The quarantine being used to restrict Ebola in West Africa are threatening the food supply, says Mitman. “West Point [a Monrovia slum] was cordoned off, and no supply was getting in, and people can’t get out. Food prices are rising, and this has the potential for a larger humanitarian crisis.”

There is also a hesitancy toward outside do-gooder, he adds. “Liberians have been the subject of medical research for a long time. It was always people flying in, doing their work, and flying out. There was not a huge investment in building medical knowledge and public health capacity within communities that have been the subject of study by Western doctors and scientists.”

Volunteers with the Red Cross Society of Guinea disinfected the hospital of Tahouay in Conakry, Guinea, April, 2014. Rollover photo to see the new Doctors Without Borders Ebola treatment center on August 17, 2014 near Monrovia, Liberia. The facility initially has 120 beds, making it history’s largest center for Ebola treatment and isolation.

That skepticism and suspicion appears in social media, Mitman says. “Even among friends, rumors circulate that Ebola might have been introduced by western biomedicine so they could test the vaccine on us.” However, Mitman also sent this optimistic Aug. 3 blog post from Liberia.

On Aug. 4, the World Bank pledged up to $200 million to support the battle against Ebola in Africa. By August 19, 60 Centers for Disease Control (CDC) staff in Guinea, Liberia, Nigeria, and Sierra Leone were doing surveillance, contact tracing, database management and health education to aid the response.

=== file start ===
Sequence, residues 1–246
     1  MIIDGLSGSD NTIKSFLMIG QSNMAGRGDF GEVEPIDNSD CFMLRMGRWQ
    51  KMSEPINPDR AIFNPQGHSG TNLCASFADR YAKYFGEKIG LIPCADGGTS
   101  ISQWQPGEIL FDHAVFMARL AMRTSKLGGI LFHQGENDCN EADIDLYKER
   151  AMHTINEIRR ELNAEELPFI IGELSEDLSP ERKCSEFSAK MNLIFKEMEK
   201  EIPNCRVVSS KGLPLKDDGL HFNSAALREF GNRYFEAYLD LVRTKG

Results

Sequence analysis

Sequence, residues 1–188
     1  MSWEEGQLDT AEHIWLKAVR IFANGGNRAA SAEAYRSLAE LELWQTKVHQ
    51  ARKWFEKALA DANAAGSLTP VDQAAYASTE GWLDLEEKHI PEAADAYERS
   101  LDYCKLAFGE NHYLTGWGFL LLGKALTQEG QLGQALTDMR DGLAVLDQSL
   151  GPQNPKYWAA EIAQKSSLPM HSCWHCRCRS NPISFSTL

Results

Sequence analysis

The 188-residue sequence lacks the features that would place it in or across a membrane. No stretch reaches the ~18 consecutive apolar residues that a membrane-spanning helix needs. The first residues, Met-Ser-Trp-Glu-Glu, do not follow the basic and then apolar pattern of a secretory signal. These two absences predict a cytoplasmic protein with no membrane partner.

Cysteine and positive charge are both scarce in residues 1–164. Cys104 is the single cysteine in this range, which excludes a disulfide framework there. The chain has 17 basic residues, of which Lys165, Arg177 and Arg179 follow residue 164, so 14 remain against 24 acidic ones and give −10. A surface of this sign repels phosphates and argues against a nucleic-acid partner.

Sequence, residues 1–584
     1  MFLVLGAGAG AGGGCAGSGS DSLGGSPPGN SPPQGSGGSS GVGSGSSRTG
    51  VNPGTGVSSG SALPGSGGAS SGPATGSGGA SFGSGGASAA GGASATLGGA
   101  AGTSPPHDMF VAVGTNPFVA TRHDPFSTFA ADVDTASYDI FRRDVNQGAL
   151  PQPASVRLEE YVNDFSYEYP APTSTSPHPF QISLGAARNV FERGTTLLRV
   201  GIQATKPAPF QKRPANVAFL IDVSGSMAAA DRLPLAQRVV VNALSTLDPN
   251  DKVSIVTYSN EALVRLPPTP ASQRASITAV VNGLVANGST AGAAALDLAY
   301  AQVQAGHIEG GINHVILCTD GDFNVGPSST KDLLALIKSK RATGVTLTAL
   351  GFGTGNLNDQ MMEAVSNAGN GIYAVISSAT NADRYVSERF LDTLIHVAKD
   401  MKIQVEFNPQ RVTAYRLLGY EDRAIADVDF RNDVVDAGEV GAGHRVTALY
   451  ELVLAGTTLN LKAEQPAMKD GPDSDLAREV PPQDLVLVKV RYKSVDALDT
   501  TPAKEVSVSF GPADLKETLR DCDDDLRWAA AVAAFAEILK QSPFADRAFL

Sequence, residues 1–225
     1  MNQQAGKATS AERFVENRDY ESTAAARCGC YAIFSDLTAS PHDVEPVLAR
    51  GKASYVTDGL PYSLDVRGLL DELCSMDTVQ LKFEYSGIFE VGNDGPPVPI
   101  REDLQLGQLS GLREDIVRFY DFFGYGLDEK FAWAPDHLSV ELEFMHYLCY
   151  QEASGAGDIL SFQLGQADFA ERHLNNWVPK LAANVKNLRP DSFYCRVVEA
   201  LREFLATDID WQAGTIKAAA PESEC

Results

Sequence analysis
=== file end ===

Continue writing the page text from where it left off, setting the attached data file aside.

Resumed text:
But Mitman urges prudence as outside experts ramp up their involvement. The epidemic can only be contained by isolating and treating patients, but “the critical point is, when the CDC says we know how to contain Ebola, perhaps they do in the U.S., but even there, there are going to be segments of the population where suspicions arise.”

If outside experts “go into an African village and start asking questions without starting by talking with village elders, doors will be closed,” Mitman says. “You can’t go in there as a medical expert and simply say, ‘Tell me all your contacts.’ It’s not going to happen and it’s going to create further problems. Cultural sensitivity is key to engaging local people who are critical to the success of containing this outbreak.”

You’ve seen the photos. Isolating carriers of a dangerous virus takes equipment, training and time. Although scientists and doctors around the world have shifted their attention to drugs and vaccines, don’t count on a magic bullet any time soon.

And that returns the issue to resources, says Hays, the historian of epidemics. “If there is anything that worries me — in theory we are pretty good at knowing how to control disease — it’s whether we are willing to spend the resources that may be necessary to do it.”

– David J. Tenenbaum

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Kevin Barrett, project assistant; Terry Devitt, editor; S.V. Medaris, designer/illustrator; David J. Tenenbaum, feature writer


  1. Plagues in World History, John Aberth, Rowman and Littlefield, London, 2011.
  2. The Burden of Disease, J.N. Hays, revised edition, Rutgers University Press, 2009
  3. On Aug. 24, the head of the Centers for Disease Control discussed the assistance program.
  4. Taking a page from the history book? Nigeria draws on polio mistakes to contain ebola outbreak.
  5. The World Health Organization Disease Outbreak News provides up-to-date coverage of potential epidemics.
  6. Article in Science suggests double vaccines ‘could hasten the end of polio.’